There can be no doubt that the Indian ASAT test was successful in achieving its political and strategic objectives to a large extent of signaling the capability, capacity, and intent. The bigger question is whether the Mission Shakti intercept will be sufficient to counteract China’s growing threat to the Indian space program, regardless of the level of deterrence that was communicated by its success. There are no clear answers, however, it is very evident that India has a long way to go in creating a formidable and effective deterrence through combination of its Ballistic Missile Defence (BMD) programme, AST capability, Cyber offensive/ defensive capability and Hypersonics weapon capabilities. Every Indian space platform would need to be carefully compared to actual Chinese counterspace systems to determine their locations, capabilities, effectiveness, and the best offensive use. This analysis would also need to take into account the number of operational systems, their orbital paths and operating altitudes, their technical characteristics, their design hardness and resiliency to attack, and the nature of their links to ground control nodes and to wider national security.

Challenges for India

The Indian policymakers accept face three unavoidable realities in carving out the future path for ensuring space security of Indian’s assets in space. First of course is the China’s counterspace capabilities that are extensive, extremely diverse, and cover the entire intersection of lethality and reversibility. They include the ability to launch complex cyberattacks against ground stations with the goal of tampering with or taking over control of the telemetry, tracking, and command systems used to operate various spacecraft in orbit. The development of radio frequency jammers with ground, air, and space-based platforms that specifically target the uplinks, downlinks, and crosslinks used in the transmission of data resulting from various activities involving space systems also entails significant investments. Also, the Co-orbital “service” satellites being developed by China are designed to to alter trajectory or physically harm the target satellite through mechanical interference, such as robotic arms, rendering the spacecraft useless to its owners. The most vulnerable spacecraft to these co-orbital dangers would be India’s earth observation, electronic intelligence gathering, and scientific research satellites.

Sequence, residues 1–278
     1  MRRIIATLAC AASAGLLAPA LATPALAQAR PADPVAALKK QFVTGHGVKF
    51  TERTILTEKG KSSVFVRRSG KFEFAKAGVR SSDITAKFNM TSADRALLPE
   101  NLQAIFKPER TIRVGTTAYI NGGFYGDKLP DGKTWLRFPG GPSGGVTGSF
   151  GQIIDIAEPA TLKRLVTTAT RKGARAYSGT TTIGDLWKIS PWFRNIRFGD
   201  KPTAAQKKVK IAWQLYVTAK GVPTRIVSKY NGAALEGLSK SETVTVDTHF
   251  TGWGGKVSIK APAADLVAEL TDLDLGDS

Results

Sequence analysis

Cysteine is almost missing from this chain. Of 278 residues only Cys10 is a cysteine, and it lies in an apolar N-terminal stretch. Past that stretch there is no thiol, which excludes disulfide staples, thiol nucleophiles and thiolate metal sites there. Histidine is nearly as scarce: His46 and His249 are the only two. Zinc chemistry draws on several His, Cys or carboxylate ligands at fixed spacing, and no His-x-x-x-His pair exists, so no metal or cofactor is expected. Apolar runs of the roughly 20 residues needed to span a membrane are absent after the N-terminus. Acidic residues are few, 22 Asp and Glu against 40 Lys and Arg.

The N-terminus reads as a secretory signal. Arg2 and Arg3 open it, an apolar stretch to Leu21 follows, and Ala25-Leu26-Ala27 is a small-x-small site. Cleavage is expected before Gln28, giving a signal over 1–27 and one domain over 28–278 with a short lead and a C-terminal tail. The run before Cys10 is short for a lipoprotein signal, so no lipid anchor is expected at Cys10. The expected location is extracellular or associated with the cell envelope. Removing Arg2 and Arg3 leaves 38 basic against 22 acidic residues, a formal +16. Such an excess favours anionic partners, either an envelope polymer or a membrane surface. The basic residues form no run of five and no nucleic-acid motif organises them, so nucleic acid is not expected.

Second, even though they are at different stages of development, the evolving Chinese counterspace threats are far from theoretical or long-term; rather, some of them already pose a clear and present danger to India. There is no doubt that Beijing will continue to develop these capabilities relentlessly because its main adversary is still the United States, which is much more powerful than India. This makes the Chinese counterspace threat formidable from an Indian perspective. As a result, New Delhi is in a very difficult situation because it must deal with the increasingly sophisticated Chinese counterspace threat, which, despite being primarily directed at the United States, still poses a threat to India, and demands its attention despite India’s overall resource and technological limitations.